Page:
Theatre: Lakeboat Lyric Theatre, Hammersmith Richard III The Pleasance, London
In retrospect it sounded like a treat only hardened Mamet-fanciers would appreciate, but Lakeboat, one of this dramatists earliest pieces - now receiving it's British premier from Pierman Productions - is a major event, period. It's one of the funniest, gutsiest, saddest, subtlest, and most gratefully rhythmic works ever written by Chicago's number one playwright. And Aaron Mullen's production gave it an expertly nuanced knockout immediacy.

We are smack in the Mamet world of male bonding, of men without women. The air is thick with macho and melancholy, cigar smoke and stale testosterone. Only here that world is literally afloat. Conjuring up memories of Twain, Conrad and the Eugene O'Neill of The Hairy Ape, the show presents an all male society on the small intense planet of a boat, a cargo freighter crossing the Great Lakes, from East Chicago to Duluth.

What is brilliant, though, about Lakeboat is the off-hand unsure attractiveness of any symbolic significance or writer-passage agenda. Recently, works like Oleanna and The Cryptogram seem programmatic or too cerebrally conceived by comparison with the dazzlingly influenced source of this latest, all be it very belated, premier. True, Mamet revived the 1970 script for productions in 1981 and 1982 but it still suggests that back-to-the-future might be the best way forward for him.

On Melanie Allen's strong two-tier set of girders, scaffolding and a scrim-like bridge, the play proceeds as a series of snap shots and blackguard sketches.

The advent of a doe-eyed undergraduate (excellent Joe May) as the boats cook triggers riffs of image bolstering self-disclosure from the others. These include an oil-stained would-be stud (a terrific performance from Simon Harris) who stares into internal emptiness when not blusteringly reducing life to the simplicities of racetrack or rape fantasies, and Jim Dunk's wonderfully stock, stumpy, kind and oddly gentile Joe, who once had dreams of being a ballet dancer. When struggling to keep their end up, Mamet's characters can sound like Damion Runyon's New Yorker's in Guys and Dolls: there's a similar rhetorical mix of inarticulacy and a curios comic formality: "I want to become one with the ages of men and women before me down into eternity and go in the muck from whence we sprung - you know what I mean?"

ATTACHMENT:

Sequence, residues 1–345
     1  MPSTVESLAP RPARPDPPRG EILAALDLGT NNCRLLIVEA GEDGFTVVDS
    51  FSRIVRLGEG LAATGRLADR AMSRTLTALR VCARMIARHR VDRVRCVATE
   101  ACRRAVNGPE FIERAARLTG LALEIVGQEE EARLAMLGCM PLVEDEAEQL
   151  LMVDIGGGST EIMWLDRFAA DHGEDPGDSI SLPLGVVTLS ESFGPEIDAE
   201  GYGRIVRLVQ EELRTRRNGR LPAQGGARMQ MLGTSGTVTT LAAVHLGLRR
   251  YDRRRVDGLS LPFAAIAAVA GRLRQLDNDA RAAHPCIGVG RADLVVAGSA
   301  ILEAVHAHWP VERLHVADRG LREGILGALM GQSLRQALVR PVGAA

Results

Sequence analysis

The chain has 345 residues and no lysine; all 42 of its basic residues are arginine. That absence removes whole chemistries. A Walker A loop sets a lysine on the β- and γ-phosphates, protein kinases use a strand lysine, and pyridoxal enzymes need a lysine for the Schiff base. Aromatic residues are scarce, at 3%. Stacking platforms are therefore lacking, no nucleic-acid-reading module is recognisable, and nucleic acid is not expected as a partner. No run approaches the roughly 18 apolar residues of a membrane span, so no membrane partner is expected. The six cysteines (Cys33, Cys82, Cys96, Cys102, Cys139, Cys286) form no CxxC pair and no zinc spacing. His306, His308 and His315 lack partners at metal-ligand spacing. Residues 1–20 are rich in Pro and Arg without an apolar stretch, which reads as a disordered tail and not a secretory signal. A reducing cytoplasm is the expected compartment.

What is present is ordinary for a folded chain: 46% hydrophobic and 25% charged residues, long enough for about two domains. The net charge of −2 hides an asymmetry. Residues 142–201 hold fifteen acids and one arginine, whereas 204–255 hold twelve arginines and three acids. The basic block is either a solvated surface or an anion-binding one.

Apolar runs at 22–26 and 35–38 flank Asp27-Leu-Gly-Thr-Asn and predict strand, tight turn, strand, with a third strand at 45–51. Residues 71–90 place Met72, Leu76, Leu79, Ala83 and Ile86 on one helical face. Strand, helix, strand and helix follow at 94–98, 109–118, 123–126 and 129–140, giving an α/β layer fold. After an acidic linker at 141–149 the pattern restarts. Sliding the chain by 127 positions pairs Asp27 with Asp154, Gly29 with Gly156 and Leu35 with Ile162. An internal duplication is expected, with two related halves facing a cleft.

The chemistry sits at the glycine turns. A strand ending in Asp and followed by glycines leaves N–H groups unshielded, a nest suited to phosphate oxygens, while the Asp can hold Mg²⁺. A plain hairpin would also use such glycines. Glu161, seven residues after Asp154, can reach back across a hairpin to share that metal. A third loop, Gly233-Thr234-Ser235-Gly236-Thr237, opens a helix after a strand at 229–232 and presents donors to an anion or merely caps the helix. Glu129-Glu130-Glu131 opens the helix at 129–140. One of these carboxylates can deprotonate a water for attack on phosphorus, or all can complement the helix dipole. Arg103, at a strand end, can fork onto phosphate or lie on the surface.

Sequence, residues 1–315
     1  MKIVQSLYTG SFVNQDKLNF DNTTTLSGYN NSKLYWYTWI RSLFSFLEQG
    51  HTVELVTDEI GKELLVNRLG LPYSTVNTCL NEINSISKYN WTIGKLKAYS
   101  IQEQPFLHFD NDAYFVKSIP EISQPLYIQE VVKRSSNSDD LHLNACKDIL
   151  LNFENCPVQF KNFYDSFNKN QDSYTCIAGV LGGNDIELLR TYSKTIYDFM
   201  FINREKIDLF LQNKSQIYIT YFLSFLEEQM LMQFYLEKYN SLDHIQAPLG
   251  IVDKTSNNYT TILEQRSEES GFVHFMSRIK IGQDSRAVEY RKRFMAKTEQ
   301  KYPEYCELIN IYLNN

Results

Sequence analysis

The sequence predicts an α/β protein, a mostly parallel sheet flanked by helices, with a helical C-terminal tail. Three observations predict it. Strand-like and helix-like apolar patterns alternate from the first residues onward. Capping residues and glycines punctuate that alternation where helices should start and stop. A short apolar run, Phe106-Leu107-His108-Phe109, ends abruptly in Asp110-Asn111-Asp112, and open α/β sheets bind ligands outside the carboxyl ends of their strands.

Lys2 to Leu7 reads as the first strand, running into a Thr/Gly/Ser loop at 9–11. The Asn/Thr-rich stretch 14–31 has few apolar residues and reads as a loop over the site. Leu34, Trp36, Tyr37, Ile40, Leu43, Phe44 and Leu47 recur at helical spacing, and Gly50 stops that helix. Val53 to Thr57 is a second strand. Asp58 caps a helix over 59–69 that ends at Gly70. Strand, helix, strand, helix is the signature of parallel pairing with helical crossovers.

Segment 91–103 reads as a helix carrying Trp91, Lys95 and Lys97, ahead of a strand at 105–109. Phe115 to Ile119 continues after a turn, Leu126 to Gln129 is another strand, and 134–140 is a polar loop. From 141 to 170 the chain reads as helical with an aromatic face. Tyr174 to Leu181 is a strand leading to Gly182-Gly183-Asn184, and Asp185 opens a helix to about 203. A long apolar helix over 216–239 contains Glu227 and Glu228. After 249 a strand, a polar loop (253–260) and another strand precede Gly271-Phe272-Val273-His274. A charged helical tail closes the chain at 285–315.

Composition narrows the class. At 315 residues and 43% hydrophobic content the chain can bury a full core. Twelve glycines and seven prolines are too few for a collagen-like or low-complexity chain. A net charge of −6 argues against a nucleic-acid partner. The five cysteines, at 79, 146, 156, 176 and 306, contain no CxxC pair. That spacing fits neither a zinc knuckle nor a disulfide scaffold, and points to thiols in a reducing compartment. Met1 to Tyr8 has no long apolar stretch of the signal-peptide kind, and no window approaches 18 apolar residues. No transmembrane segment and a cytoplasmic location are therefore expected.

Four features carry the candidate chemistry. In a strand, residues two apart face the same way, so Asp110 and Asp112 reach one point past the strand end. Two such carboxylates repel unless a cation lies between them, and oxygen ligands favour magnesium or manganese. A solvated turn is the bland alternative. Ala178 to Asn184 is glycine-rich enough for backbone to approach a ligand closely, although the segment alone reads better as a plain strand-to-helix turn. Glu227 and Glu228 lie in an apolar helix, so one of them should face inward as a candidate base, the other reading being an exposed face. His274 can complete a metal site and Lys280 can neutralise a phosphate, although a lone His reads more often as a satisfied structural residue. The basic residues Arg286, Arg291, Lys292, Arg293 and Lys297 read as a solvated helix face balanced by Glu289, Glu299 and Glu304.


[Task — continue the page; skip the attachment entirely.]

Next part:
Over at the Pleasance, there's a less happy look at a heavily male society in Guy Retallack's staging of Richard III. It transplants Shakespeare tragedy to an East End pub, circa 1960, and diminishes the grand endangering dimension of the original by presenting it as the world of the Krays.

The production will appeal to The Bill-watching, This Life generation, and there are some undeniably neat touches. Bow-tied velvet-collared and trailing his bit of wrath, Michael Matuf's Buckingham translates well as the kind of Boothby/Driberg figure who gets off on fraternising with gangland low life. As Richard, Eddie Marshan artfully uses his innocent runt-of-the litter look and his "straight up guv" style of delivery in a way that sometimes heightens the malign comedy of this sadistic ironist.

But too much has been flattened out. The famous line dropped here, "A horse, a horse! My kingdom for a horse!" would have to be changed to "Horse and Jockey, the Horse and Jockey! This pub for the Horse and Jockey!" to indicate the extent which a great tragedy finds itself scaled down.